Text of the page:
Subject: Re: chroot(2)
To: None <firstname.lastname@example.org>
From: der Mouse <mouse@Rodents.Montreal.QC.CA>
Date: 10/02/1998 10:28:43
> i've always hated chroot(2)'s inability to correctly deal with leter
> normal users do this. from a security perspective, the functionality
> is really nice, but having to be root *first* is a lose...
Well, if you just take a current kernel and remove the suser() check
from chroot, you open up two big holes: (1) it's really easy to do
things like build your own /etc/master.passwd in a chroot tree,
hardlink in su, and get yourself a root shell; and (2) it's really easy
to escape from a chrooted jail, provided there's at least one
subdirectory of the jail's root (which is (almost?) invariably true).
I see no indication that you like or dislike my suggestions for dealing
with those problems, nor did you provide any of your own, nor even an
indication that you didn't consider them problems.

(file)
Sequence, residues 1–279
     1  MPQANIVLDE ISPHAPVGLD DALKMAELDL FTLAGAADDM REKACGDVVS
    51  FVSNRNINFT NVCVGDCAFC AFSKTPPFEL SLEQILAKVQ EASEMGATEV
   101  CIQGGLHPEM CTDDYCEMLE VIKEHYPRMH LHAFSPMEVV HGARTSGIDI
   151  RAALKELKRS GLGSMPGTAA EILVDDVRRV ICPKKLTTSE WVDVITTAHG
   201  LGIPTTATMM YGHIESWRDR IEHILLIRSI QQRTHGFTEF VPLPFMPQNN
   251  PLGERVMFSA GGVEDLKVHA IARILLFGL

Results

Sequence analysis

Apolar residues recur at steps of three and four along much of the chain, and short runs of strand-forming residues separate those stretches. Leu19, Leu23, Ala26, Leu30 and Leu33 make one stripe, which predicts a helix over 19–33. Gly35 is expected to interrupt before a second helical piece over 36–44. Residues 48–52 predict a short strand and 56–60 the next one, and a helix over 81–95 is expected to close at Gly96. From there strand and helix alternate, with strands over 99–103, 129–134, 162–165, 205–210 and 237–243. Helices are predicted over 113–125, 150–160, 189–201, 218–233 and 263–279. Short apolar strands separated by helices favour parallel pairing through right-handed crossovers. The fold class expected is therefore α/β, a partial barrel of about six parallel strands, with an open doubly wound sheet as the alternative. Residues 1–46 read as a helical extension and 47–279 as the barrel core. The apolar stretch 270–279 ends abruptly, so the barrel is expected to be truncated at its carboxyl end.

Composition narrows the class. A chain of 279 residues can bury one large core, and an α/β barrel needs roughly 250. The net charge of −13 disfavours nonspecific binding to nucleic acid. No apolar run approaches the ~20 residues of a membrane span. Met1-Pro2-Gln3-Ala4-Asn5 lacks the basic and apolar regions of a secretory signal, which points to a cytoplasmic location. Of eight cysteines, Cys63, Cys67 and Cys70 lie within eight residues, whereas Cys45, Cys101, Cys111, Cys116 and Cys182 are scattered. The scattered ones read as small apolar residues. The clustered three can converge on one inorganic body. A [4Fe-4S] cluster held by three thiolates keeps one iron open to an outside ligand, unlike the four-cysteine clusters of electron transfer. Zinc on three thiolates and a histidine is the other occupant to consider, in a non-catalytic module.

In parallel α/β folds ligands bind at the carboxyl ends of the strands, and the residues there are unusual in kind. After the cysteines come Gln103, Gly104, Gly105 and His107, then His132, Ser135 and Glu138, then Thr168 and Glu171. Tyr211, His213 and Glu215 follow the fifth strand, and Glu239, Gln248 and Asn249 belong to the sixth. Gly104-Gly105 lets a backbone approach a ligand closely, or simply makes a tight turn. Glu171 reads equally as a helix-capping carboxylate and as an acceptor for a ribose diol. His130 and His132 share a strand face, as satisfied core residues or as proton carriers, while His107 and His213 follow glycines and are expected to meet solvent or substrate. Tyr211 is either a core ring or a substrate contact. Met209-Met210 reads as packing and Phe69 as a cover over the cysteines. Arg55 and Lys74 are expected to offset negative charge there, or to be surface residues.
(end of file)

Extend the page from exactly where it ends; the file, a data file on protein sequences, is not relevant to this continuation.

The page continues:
In response to my note, one person has pointed out that chdir/fchdir
needs some kind of restriction, or (2) is still pretty easy even if
chroot is restricted to absolute pathnames. Thus, I modify my
suggestion for (2) to say that non-root users cannot chroot or chdir
(including fchdir and fchroot, the latter nonexistent ATM anyway) to a
directory that is not under the current root (one from which walking ..
links doesn't lead to the processes' current root). If this is done,
the "absolute path only" restriction on chroot can be removed, since
its goal is better served by this restriction.
7D C8 61 52 5D E7 2D 39 4E F1 31 3E E8 B3 27 4B